VRBPAC declined to vote on booster doses given at least 6 months from the initial dose, stating that it would be unlikely any adverse events (AEs) would arise at 6 months, but not at 2 months, and that the 6-month data presented by the sponsor was only from 17 people. FDA conducted an independent assessment of the immunogenicity of this 6-month booster data, from the COV1001 study, which involved healthy adults ages 18-55.
Johnson & Johnson submitted a post-hoc analysis, which showed that geometric mean titer ratios were “above the FDA-recommended non-inferiority criteria (lower bound of 95% CI >0.67).” FDA staff, however, noted the small number of participants and said the low sensitivity of the assay might be a confounder.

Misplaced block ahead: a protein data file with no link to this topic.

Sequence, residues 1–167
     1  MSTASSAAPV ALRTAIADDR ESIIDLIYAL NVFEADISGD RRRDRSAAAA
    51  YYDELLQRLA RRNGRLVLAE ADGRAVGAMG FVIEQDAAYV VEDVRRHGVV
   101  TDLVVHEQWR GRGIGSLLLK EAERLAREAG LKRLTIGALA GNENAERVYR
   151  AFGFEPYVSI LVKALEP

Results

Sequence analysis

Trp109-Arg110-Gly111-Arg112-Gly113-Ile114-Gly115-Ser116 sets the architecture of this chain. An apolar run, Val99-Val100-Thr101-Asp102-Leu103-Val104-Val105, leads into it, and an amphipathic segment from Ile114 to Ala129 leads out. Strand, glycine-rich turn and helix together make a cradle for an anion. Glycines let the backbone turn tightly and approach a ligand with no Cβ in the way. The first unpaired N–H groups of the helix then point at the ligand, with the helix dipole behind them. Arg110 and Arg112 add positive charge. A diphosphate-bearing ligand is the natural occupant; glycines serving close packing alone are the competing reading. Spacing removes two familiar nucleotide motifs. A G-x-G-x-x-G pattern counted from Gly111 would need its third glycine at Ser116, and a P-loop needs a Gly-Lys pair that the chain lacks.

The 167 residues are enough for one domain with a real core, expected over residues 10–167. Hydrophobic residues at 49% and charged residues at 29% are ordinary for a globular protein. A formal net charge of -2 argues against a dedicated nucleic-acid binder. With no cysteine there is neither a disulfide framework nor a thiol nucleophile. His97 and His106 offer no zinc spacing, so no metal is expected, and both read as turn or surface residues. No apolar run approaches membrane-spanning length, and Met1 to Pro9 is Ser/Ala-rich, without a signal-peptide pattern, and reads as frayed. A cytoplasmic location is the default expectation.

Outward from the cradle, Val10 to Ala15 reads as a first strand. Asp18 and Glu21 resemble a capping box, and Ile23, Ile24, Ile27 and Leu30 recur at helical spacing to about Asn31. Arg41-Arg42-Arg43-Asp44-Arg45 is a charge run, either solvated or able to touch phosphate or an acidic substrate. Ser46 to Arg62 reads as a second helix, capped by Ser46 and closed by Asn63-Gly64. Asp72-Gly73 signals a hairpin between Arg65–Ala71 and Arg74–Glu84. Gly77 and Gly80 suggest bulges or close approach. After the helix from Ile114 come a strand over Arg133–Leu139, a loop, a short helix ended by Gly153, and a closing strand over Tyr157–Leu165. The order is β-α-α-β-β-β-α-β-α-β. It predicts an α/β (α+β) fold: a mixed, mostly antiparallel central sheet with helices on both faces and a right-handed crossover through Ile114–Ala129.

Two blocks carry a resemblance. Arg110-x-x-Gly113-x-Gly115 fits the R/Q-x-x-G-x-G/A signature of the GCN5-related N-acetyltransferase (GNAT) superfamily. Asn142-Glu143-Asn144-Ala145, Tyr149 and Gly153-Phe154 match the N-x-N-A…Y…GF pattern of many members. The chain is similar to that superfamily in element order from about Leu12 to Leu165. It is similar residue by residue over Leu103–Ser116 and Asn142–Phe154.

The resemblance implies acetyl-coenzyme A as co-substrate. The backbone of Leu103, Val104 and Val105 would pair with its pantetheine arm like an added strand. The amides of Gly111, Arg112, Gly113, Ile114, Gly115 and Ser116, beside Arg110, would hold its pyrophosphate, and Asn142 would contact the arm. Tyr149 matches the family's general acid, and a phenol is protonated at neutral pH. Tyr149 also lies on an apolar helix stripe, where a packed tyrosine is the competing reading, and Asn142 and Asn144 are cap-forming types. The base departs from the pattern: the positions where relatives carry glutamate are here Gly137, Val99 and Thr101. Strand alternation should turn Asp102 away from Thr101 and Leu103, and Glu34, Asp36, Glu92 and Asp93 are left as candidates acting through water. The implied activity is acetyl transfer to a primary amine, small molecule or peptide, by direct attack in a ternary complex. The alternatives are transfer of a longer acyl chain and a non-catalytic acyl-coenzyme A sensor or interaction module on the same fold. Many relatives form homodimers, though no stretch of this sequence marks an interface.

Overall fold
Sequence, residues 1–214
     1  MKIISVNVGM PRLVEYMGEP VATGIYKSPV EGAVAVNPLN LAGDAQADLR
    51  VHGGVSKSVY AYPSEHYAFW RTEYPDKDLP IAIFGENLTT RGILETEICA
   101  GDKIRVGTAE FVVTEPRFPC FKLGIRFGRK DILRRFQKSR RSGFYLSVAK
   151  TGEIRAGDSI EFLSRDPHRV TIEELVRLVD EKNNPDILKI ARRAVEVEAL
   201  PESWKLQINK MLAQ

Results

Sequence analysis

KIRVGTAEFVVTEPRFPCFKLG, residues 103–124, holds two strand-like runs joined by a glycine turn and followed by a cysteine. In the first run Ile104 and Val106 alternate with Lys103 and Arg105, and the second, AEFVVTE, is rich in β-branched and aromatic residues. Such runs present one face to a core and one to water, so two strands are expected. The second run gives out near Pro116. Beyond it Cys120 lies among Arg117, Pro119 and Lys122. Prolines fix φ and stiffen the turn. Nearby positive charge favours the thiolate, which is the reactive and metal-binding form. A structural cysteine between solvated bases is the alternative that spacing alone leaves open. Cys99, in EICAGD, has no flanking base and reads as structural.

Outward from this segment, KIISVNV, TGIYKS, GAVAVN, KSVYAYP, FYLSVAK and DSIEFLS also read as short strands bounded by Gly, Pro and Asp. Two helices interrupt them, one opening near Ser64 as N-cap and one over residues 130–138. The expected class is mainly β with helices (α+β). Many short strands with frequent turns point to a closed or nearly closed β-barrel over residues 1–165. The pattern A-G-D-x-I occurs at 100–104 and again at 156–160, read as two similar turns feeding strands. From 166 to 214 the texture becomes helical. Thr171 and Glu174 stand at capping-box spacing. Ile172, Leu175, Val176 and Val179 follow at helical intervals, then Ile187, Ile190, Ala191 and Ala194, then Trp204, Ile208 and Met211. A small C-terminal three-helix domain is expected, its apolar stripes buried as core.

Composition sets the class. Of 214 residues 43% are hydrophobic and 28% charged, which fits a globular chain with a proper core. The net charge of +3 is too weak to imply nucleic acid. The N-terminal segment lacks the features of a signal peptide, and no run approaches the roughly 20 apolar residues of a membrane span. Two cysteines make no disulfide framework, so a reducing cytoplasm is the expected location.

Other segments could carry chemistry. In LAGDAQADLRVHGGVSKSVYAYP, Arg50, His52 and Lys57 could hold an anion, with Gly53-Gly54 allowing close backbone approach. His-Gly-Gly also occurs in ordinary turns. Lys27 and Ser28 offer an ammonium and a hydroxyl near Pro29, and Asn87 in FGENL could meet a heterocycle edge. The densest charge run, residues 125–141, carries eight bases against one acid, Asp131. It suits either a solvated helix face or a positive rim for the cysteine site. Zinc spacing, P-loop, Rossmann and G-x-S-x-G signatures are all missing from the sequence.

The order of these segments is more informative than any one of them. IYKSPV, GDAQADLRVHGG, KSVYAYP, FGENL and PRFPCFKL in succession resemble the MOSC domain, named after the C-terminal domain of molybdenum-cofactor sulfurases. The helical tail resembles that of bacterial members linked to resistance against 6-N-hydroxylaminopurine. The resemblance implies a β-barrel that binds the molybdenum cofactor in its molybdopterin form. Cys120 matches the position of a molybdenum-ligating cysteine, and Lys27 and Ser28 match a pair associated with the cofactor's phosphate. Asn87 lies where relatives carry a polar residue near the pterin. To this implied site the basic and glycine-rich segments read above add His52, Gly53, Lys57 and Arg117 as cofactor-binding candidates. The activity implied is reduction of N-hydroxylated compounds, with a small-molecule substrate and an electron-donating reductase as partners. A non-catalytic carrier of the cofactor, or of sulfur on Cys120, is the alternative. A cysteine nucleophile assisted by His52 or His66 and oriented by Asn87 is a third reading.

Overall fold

VRBPAC members took issue with the lack of independent verification by the FDA, but Doran Fink, MD, PhD, said the agency “recognized there was intense public interest and a sense of urgency in providing options for a second dose.”
Fink said that an advisory committee meeting was scheduled and the sponsor was asked to provide data. However, instead of providing immunogenicity data for a few hundred people, as Pfizer and Moderna had done, Johnson & Johnson submitted four trials consisting of thousands of people.
For more on this, click on the button below: